STM was criticized as an uneven effort with promising elements by Donald Westlake in a 1989 essay, and it’s easy to see what he meant by this. One large problem is that there are several moments where it’s not clear how one event, or character’s action, follows the previous one. This is the result of a lack of revision on the author’s part, which he frankly admitted to in a late interview. The pickpocket Turtle is more irritating than anything else, and I never was too concerned about what happened to him as the last heist scene worked itself out. Certain events included to fit the pulp fiction model, such as the rough handling of Lily and Selma (the only two significant women in the book) and their compliance with it, date the novel badly. The lawmen characters are so flatly depicted that they are hardly worth describing here.

However, Rabe’s effort contains plenty of interesting pieces as well. STM starts in Detroit, where Tony meets (and later burglarizes) Selma and a connected club owner named Paar. Paar manages to defuse a tense encounter between Tony and others in his club, and rationally points Tony to California when confronted with his obsessive nature. Selma, though in a permanent drunken haze and used by Tony in more than one way, refuses to be permanently discarded. This contrasts strongly with the hot-headed Los Angeles club owner Topper and Lily, whom he treats as his property. Lily passively accepts her subordinate place in both relationships to Topper and Tony, as something for them to feud over. In this story, the Midwestern characters seem to be made of tougher, or at least more cunning, material.

Additionally, there is an episode where Tony gets pulled into a contest of wills against a greedy and sadistic Arizona sheriff. These scenes were Rabe’s strongest, and rescued the middle of the book. The toxic nature of the gold bar, and the inevitable demise of those who try to possess it, is affected usefully; it represents the disease that infects the corrupt parts of the society it passes through. Despite its overtly macho elements, uneven characterizations and other flaws, STM makes Rabe another interesting name from the paperback noir era. 5/10.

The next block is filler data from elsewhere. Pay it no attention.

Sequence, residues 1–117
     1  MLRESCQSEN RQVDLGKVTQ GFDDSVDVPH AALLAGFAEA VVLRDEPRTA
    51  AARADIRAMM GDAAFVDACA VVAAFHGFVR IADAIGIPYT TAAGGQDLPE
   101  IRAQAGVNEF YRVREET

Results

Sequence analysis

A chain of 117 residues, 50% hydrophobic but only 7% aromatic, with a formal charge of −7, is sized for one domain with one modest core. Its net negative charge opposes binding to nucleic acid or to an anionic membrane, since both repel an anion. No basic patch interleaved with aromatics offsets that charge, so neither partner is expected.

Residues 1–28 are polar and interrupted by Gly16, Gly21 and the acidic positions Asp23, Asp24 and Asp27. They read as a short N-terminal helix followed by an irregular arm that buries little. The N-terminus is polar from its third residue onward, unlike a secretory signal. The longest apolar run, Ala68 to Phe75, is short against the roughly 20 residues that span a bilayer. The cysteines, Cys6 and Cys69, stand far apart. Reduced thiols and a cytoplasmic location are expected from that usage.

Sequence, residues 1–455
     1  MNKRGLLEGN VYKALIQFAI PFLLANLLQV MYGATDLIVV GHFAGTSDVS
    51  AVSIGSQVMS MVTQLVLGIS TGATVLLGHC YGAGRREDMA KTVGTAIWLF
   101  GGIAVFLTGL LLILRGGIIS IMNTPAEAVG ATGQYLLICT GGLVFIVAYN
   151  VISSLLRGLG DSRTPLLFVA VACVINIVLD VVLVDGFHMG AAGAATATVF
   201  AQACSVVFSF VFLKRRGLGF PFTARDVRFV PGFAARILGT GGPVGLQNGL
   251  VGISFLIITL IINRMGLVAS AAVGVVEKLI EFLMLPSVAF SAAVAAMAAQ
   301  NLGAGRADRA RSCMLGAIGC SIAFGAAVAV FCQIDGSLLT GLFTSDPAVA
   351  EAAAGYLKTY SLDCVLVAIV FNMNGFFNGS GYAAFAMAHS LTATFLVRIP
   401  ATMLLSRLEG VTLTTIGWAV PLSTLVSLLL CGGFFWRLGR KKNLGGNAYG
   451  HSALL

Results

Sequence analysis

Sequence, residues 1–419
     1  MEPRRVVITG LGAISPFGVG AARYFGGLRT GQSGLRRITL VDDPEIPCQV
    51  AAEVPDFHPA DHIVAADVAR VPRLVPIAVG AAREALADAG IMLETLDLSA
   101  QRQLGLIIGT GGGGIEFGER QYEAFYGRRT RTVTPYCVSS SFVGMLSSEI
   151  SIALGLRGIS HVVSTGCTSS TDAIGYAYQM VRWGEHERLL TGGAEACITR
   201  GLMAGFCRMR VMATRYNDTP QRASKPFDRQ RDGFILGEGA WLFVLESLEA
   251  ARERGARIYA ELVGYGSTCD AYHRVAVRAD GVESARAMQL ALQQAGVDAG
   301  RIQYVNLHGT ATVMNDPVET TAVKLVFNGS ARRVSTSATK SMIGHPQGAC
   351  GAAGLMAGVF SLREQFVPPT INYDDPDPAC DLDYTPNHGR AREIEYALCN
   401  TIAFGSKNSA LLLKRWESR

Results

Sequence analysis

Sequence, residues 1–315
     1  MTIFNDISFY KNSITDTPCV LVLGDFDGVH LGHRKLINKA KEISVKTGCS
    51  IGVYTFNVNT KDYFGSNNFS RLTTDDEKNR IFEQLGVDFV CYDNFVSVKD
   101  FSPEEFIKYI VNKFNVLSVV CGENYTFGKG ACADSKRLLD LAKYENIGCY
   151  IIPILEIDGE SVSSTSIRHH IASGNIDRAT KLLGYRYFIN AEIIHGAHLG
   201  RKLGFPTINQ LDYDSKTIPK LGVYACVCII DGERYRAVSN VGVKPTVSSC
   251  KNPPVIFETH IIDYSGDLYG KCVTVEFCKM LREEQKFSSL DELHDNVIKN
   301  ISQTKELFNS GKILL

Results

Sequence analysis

* Instead of gold, ordinary salt would be a much more practical choice for this purpose. The sodium would become highly radioactive and extend fallout for about 15 days. It’s a grim possibility that “salted” nuclear bombs have been created.

About pete

former academic scientist and presently a software engineer. Also, a science fiction and crime fiction book-blogger.
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4 Responses to Stop This Man, by Peter Rabe

  1. fredfitch says:

    Rabe studied psychology, actually taught it at the college level as an older man, once the writing career stalled (Westlake feared this would happen to him too, see The Hook.) I think what Westlake learned from him, more than anything else was motivation–both positive and negative lessons.

    There are a lot of models for Parker, but I’m not sure Catell is one of them. He’s too emotional–so again, that would be a negative lesson, something Westlake didn’t want for Parker, who has emotions, but experiences them differently than others. I’ve called the entire Parker saga a study in comparative psychology–Parker contrasted with more ‘normal’ criminals and civilians.

    Obviously the gold bar is a metaphor, and Rabe wasn’t too concerned with whether it was scientifically plausible or not–he makes it seem plausible to most readers, myself included. But fascinating all the same, your commentary on it. I don’t see how anyone could improve on this review–Rabe improved a lot on the book in the years that followed.

    Liked by 1 person

    • pete says:

      Having recently read The Box from later in his career, I have to agree with you that Rabe improved a lot. That book has a level of sophistication far beyond what we see here in Stop This Man, and I’m tempted to give it another read before officially trying to make sense of it.

      Like

  2. Pingback: Plunder of the Sun, by David Dodge | gaping blackbird